The use of Edward de-Bono‟s Thinking Hats can be a useful resource for varying the type of question
Bloom identified six levels of questioning, from the simple recall or recognition of facts, as the lowest level, through increasingly more complex and abstract mental levels, to the highest order which is classified as evaluation.
Examples of this are:
Evaluation: appraise, argue, assess, attach, choose compare, defend estimate, judge, predict, rate, core, select, support, value, evaluate.
Synthesis: arrange, assemble, collect, compose, construct, create, design, develop, formulate, manage, organize, plan, prepare, propose, set up, write.
Analysis: analyze, appraise, calculate, categorize, compare, contrast, criticize, differentiate, discriminate, distinguish, examine, experiment, question, test.
Application: apply, choose, demonstrate, dramatize, employ, illustrate, interpret, operate, practice, schedule, sketch, solve, use, write.
Understanding: classify, describe, discuss, explain, express, identify, indicate, locate, recognize, report, restate, review, select, translate,
Knowledge: arrange, define, duplicate, label, list, memorize, name, order, recognize, relate, recall, repeat, and reproduce state.
How to…. get everyone involved.
Introduce no hands up questioning. Give plenty of thinking time and make it safe by matching the question to the pupil carefully and by allowing them to pass. Above all, praise!
Move around the room. Ask someone to do a diagram of where you direct your questions – most of us are surprised by the results. By moving around the classroom, you are more likely to ask a wider range of pupils.
Give everyone a card at the beginning of the lesson and only take it back as a pupil answer a question. It’s easy to see at a glance which pupils haven’t answered a question.
Ask other pupils to add to an answer. E.g. ‘John, do you agree’, ‘Claire, what evidence can you find’ etc.
Once a pupil has answered a question, ask he or she to nominate another pupil to add some additional information or answer the next question – in the style of ‘phone-a-friend’.
Allow thinking time – you’ll be surprised at the difference it makes. The recommended wait time for a closed question is three seconds and for an open question, twenty seconds.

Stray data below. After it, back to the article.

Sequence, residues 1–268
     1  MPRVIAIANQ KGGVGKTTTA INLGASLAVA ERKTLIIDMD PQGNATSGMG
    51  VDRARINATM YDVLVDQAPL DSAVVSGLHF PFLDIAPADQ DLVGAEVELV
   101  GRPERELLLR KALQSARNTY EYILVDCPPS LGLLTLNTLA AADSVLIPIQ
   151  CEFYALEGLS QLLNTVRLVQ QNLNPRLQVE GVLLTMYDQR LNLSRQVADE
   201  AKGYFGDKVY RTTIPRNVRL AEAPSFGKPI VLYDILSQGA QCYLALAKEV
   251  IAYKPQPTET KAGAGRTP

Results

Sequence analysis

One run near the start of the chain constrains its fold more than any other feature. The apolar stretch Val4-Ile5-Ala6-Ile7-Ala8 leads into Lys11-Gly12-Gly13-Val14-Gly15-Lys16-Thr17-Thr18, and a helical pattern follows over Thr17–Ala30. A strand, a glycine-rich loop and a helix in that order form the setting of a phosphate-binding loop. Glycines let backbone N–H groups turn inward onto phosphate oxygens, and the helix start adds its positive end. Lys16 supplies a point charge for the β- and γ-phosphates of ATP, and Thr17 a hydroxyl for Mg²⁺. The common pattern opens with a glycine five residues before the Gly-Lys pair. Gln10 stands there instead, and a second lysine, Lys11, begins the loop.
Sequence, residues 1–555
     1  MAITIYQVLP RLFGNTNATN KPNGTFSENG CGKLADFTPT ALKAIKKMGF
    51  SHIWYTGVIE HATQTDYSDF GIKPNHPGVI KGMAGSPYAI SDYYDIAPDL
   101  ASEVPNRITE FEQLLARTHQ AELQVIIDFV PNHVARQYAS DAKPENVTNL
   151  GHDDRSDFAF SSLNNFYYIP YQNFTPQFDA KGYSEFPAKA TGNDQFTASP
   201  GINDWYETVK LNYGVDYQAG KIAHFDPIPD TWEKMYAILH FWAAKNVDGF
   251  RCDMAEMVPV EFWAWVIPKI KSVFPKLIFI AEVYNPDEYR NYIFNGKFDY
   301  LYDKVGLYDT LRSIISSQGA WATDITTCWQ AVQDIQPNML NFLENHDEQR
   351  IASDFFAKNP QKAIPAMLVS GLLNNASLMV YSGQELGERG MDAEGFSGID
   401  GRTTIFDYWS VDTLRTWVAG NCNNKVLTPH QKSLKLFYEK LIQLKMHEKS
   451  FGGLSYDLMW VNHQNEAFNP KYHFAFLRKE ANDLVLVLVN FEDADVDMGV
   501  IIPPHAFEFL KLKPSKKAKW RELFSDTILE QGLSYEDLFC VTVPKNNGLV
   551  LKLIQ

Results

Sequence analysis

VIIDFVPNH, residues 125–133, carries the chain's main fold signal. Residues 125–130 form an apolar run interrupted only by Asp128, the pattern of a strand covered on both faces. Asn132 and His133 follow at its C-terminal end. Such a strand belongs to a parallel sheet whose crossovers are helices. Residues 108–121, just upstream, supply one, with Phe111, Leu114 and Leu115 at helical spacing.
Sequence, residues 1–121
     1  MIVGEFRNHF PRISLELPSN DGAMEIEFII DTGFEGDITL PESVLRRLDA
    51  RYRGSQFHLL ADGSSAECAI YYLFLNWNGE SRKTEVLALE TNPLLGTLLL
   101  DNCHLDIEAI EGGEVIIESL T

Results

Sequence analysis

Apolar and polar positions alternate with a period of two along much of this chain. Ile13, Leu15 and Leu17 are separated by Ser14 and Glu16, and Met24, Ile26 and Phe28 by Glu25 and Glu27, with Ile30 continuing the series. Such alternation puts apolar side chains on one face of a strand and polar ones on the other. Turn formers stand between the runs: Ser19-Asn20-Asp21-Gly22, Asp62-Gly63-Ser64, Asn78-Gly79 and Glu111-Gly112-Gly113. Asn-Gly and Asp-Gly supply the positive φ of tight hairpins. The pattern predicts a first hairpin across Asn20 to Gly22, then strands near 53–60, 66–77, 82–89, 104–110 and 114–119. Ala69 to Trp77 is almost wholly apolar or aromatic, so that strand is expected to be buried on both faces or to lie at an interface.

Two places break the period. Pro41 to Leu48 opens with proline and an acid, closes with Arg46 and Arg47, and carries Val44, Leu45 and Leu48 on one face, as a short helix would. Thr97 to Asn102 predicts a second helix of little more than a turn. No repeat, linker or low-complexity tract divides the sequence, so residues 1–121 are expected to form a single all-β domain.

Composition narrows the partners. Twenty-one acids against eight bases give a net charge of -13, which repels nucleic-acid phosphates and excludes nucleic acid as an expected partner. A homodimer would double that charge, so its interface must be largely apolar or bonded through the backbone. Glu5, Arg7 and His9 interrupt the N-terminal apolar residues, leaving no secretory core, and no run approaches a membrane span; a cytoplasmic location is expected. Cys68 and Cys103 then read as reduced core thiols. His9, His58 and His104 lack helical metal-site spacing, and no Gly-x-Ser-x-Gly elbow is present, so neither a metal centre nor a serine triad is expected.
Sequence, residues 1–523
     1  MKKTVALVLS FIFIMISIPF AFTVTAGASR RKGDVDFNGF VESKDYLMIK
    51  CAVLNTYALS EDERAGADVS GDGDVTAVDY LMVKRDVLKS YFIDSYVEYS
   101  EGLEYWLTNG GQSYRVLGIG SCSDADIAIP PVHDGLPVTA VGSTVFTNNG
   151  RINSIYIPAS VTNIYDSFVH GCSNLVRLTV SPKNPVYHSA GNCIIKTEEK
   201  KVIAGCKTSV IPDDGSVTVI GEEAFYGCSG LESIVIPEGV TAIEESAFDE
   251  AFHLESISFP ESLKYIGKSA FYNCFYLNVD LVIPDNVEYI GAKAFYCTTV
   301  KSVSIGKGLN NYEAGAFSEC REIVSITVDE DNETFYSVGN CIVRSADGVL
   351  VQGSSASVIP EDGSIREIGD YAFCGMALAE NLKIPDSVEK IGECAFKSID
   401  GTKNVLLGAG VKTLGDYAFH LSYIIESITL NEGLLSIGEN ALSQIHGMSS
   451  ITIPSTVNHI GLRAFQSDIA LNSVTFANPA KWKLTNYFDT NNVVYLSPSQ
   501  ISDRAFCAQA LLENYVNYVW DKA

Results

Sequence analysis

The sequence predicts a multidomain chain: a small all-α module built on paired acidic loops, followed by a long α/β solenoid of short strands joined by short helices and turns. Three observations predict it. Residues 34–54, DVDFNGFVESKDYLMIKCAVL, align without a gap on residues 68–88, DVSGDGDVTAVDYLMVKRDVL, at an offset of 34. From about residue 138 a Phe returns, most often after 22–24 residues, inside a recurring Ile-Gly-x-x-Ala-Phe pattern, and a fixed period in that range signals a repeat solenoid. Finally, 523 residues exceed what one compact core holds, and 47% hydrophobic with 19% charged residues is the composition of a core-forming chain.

Allow discussion time – but keep it short and focused. Listen in on the discussion and plan specific questions for specific groups.
Allow planning time – preview the question and give pupils time to plan an answer. Use prompts where appropriate.
Vary your questioning strategies so that over a course of lessons pupils will experience different approaches.
Questions and thinking skills activities
Thinking skills activities are often stuctured around higher order questions and so can be an effective way of planning questions into a lesson.
This sorting activity can be used to encourage pupil discussion about the relative importance of individuals, incidents and ideas. Typically nine cards are given to a group of pupils (it can be more or less) and the cards are prioritised by placing the most important at the top, the least at the bottom and the others in the middle in a diamond formation. Questioning can be used to challenge and explore pupil thinking further.
This term covers a range of drama-based activities used to explore the emotions behind a character’s actions. Hot-seating a character and teacher in role are particularly useful – the Five Ws can be used as a questioning approach. In forum theatre, the action can be stopped so that pupils can direct or reflect on responses. Freeze frames can be used to identify critical moments and thought bubbles added to explore these further.